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Look Back: The latest inventions

In the late 1890s the G.W. Niswaner and Co. Hardware at 517 Marker St. might have carried some of the inventions mentioned. (Photo provided by Bernie Dowler)

Digesting Coffee Pot

Mr. Abram Whiston is entitled to our thanks for one of Remington’s Patent Condensing and Digesting Coffee Pots. This invention is based upon purely scientific principles, is simple in construction and in use, answers the purpose exactly, on the score of both economy and luxury. Let no lover of good coffee neglect this opportunity of always having his “particular vanity.”

The Parkersburg Gazette

June 18, 1853

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Important invention

Mr. Moses Thompson, of Richmond, Va., has invented a mode of burning tan bark and saw dust as a fuel for steam engines, and has his invention now in successful operation at the foundry of Messrs. A. and W. Denmead. It secures a perfect combustion of the tan, even when wet, the smoke from which seems to be converted into inflammable gas. It is used under a flue boiler, of a twenty-horse engine.

Mr. John Healy, of this place, builds stacks of such draught that his furnaces will burn wet tan or saw dust, without Thompson’s contrivance. He is now engaged upon a stack at Logan’s Tannery, [where] he expects to accomplish this feat and is willing to ensure others to do as much.

The Parkersburg Gazette

March 18, 1854

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A remarkable new flooring

The floor cloth “Linoleum” has now been manufactured for some years, and is much commended by all who use it. It is composed mainly of finely ground cork and solidified oil. Remarkable alike for durability, beauty, and cleanliness, the demand must continue to increase. It has stood the test of time; but imitations being on the market, buyers should look on the back of the cloth for the word “Linoleum,” which on the genuine is printed on every square yard. All carpet dealers keep it.

The Parkersburg Sentinel

April 9, 1881

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A French stone mason has discovered a cement which he claims to be stronger, cheaper and less liable to damage from the action of the weather than any preparation now in use. It is not a plaster, but a heavy, viscous fluid, and is applied with a brush. Its composition is kept secret.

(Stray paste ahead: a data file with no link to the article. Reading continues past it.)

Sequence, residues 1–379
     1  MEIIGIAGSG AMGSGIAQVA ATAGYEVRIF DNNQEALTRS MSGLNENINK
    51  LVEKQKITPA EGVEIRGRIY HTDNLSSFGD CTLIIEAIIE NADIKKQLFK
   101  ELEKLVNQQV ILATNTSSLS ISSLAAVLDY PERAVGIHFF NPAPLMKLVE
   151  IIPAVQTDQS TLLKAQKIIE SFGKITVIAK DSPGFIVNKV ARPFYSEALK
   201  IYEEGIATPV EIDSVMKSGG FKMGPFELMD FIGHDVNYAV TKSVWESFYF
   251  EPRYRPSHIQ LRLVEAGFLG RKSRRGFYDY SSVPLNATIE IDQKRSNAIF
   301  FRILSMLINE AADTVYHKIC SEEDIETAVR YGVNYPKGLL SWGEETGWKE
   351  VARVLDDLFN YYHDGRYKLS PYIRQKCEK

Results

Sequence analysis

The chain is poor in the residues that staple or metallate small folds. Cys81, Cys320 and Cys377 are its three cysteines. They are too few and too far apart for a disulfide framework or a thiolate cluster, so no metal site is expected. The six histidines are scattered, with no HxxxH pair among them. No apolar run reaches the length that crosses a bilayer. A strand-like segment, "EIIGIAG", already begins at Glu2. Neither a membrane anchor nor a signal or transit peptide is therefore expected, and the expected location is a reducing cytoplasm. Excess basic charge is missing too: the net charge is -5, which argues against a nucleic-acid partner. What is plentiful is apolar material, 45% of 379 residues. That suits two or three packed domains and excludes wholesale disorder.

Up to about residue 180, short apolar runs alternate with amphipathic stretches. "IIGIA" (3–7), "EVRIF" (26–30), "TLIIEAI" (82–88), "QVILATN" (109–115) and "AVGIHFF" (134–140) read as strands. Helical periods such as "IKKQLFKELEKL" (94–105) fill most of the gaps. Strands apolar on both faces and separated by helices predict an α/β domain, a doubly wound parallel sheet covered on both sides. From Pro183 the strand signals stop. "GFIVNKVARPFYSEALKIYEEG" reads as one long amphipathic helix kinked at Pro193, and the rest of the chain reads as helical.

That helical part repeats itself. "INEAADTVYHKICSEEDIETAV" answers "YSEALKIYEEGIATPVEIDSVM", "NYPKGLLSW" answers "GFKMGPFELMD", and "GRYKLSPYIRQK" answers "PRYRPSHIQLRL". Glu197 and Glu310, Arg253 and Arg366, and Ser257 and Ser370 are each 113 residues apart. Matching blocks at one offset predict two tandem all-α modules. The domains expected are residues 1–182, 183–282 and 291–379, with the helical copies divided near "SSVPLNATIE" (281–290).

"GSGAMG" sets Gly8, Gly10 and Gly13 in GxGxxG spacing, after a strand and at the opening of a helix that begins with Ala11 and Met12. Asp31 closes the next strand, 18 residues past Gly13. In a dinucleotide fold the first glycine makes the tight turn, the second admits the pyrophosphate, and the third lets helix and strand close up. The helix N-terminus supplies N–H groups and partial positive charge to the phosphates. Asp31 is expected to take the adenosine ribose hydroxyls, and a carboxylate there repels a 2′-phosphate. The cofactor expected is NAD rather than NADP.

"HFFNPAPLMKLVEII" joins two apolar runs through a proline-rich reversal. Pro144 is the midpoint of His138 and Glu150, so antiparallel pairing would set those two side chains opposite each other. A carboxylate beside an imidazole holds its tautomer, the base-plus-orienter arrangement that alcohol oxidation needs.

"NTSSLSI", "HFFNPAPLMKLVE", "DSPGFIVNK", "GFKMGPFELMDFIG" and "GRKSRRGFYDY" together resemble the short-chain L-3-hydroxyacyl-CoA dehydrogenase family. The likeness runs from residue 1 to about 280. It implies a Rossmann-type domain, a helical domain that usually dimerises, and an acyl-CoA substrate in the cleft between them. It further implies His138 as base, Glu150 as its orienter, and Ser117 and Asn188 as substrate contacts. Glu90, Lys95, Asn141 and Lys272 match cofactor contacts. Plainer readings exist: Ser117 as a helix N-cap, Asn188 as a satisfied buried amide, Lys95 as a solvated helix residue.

The Parkersburg Daily State Journal

Feb. 2, 1889

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A Parkersburg inventor. (Huntington Times)

The Times man met Mr. J.B. Hastings, of Parkersburg, yesterday, who is quartered at the St. Nicholas.

The gentleman is an expert inventor in all kinds of iron and steel, having now twenty-five different patents on his inventions.

He is the original owner and patentee for a machine for the manufacture of all kinds of wire nails, from a tack to a 6-inch nail, rivets, bolts, etc., having also a device for utilizing the clippings of the nails in the manufacture of glazier’s tacks.

His most important invention, however, is that for the manufacture of steel. This process is being eagerly sought for by the leading iron men of the country, as well as those of Great Britain, who have written the gentleman importuning him for the exclusive right of his patent.

He claims for it that he can make a finer and better quality of metal and at a cost of from seven to eight dollars per ton less than it can be produced by any other system.

The Parkersburg Daily State Journal

July 17, 1891

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A new invention

Mr. John S. Camden, the popular merchant, has invented and patented a molasses measure which promises to come into general use. He is using it now in his store and it has been put on the market. It is a decidedly clever contrivance and effectually shuts out all flies and dirt. Call and see it at Mr. Camden’s store. It is certainly a useful invention.

The [Parkersburg] Weekly State Journal

Feb. 2, 1893

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Bob Enoch is president of the Wood County Historical and Preservation Society. If you have comments or questions about Look Back items, please contact him at: roberteenoch@gmail.com, or by mail at WCHPS, PO Box 565, Parkersburg, WV 26102.

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